I have set up a task in Windows Task Scheduler to run at a specific time each day. The task simply executes a batch file I've created to restart my Windows service. This is the contents of that file:

net stop "MyService"
net start "MyService"

This seems to work well for the most part, but occasionally the service will actually pause itself, rather than stop/start. I will come back to it later on and it will just be sitting there, paused.

Why would task scheduler pause my service, rather than start it, and how can I remedy that?

  • Sounds like the service is faulty, or at least doing something unexpected. Anything in the Event Logs related to this? Did you write this service? If so, add some logging to it. – Ƭᴇcʜιᴇ007 Oct 2 '14 at 20:32
  • @Ƭᴇcʜιᴇ007 Indeed, I did. I added some logging, but nothing obvious came out of it. It is an executable converted to a service with nssm, if that tells you anything more – Jim Oct 2 '14 at 20:32

EXE's converted to a services by utilities like NSSM are fraught with chances of failure.

Even NSSM points this out on their home page:

"...if your application is well-behaved you can configure nssm to absolve all responsibility for restarting it and let Windows take care of recovery actions."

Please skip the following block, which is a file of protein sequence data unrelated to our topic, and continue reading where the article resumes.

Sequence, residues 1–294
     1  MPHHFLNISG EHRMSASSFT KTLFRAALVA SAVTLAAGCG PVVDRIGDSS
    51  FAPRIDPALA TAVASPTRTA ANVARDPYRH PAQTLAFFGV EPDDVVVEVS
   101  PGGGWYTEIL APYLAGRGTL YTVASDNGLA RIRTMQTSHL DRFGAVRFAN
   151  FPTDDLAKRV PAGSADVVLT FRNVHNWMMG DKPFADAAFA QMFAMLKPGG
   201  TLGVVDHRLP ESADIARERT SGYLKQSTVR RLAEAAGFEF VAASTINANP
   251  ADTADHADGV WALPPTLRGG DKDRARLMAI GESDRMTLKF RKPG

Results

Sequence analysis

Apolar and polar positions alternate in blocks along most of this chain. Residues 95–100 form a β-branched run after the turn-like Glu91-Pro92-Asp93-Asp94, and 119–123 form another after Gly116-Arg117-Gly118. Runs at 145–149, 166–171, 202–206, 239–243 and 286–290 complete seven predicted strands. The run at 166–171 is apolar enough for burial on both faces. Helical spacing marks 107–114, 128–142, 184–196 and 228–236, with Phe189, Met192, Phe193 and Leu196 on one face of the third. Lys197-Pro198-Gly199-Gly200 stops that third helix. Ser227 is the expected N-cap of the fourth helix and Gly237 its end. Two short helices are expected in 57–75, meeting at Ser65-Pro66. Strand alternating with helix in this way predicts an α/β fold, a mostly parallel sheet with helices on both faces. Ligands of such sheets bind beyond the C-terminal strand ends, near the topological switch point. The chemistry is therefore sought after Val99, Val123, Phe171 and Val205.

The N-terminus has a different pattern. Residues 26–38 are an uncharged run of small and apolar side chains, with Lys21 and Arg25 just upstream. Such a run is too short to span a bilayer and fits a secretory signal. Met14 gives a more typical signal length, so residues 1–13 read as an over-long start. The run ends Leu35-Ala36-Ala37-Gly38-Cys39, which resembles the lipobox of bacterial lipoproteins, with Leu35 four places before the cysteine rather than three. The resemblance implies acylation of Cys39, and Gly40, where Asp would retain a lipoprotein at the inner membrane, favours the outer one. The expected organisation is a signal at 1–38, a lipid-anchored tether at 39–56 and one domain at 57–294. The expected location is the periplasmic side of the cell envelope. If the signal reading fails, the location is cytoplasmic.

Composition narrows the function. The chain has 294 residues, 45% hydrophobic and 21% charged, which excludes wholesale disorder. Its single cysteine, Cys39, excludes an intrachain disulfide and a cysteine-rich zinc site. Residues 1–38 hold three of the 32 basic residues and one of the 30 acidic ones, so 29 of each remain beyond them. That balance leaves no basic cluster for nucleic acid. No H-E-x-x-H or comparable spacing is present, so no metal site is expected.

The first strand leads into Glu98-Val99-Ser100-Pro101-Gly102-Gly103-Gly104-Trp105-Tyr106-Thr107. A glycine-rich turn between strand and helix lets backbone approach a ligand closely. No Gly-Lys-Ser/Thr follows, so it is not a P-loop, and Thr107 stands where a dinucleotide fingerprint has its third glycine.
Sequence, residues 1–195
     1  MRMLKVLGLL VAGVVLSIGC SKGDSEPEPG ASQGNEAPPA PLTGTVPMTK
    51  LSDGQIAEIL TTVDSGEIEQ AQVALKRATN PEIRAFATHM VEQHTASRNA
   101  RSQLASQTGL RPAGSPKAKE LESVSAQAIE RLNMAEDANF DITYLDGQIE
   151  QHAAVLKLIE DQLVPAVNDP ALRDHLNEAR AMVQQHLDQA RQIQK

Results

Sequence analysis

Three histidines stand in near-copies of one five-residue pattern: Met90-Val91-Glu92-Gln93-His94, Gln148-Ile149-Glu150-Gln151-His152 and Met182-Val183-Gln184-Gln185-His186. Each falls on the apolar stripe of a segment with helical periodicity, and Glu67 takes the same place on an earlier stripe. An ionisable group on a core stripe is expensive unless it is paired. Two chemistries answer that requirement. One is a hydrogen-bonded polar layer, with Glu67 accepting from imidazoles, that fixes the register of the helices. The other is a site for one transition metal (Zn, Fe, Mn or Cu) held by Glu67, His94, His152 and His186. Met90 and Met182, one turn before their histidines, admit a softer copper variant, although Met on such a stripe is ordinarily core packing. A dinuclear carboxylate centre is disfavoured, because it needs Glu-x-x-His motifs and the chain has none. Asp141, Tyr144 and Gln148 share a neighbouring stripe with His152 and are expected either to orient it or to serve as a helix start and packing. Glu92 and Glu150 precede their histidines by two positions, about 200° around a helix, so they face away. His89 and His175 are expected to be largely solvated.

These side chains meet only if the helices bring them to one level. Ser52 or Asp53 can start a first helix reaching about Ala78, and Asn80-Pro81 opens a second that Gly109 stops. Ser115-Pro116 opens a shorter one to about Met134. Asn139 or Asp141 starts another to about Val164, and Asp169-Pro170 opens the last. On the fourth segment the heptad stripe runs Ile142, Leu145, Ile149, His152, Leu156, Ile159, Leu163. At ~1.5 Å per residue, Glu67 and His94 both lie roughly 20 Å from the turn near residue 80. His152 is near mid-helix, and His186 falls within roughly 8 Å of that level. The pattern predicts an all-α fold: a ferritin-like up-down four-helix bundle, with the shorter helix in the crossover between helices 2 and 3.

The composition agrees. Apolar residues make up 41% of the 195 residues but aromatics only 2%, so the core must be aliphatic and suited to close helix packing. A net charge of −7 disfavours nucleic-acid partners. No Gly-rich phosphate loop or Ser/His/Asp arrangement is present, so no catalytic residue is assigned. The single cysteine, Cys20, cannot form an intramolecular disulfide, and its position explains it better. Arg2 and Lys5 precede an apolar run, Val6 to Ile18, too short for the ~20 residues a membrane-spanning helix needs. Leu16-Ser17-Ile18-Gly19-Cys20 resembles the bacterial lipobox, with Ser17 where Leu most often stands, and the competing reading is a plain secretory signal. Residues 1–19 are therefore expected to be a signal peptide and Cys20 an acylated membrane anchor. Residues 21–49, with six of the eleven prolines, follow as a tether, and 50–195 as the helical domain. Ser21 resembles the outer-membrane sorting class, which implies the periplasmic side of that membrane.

Sounds like your application is not "well behaved".

Either try using NSSM to stop/start and restart the service, or if that doesn't help, rewrite/recompile the program as an actual Windows service.


I believe that this issue was caused by the service itself, but there is a workaround with "SC query" command.

C:\Windows>sc query "MyService" | find "STATE"
    STATE              : 3  STOP_PENDING

It's possible to append a check routine in your batch file to double-check the service status after having some interval, kill the service process (taskkill /f) if it's hung and restart the service (net start).

In addition, if you use NSSM in order to hide the window, you don't have to use NSSM and you may achieve the same goal with Task Scheduler only. (But if you aim something different - please ignore the following.)

task scheduler property

This is a part of "General" tab on task property. If you select "Run whether user is logged on or not", this will run from session 0 which won't show any window to you. Then what you need to do on your scheduled task are, to kill / restart the target process itself as you do now. This will work more robustly.


You might see this if you've used NSSM to make logstash a service, and you have updated your Java installation since you created the .bat file that NSSM is using to start your service, you may find the path to java.exe in your batch file is no longer valid.

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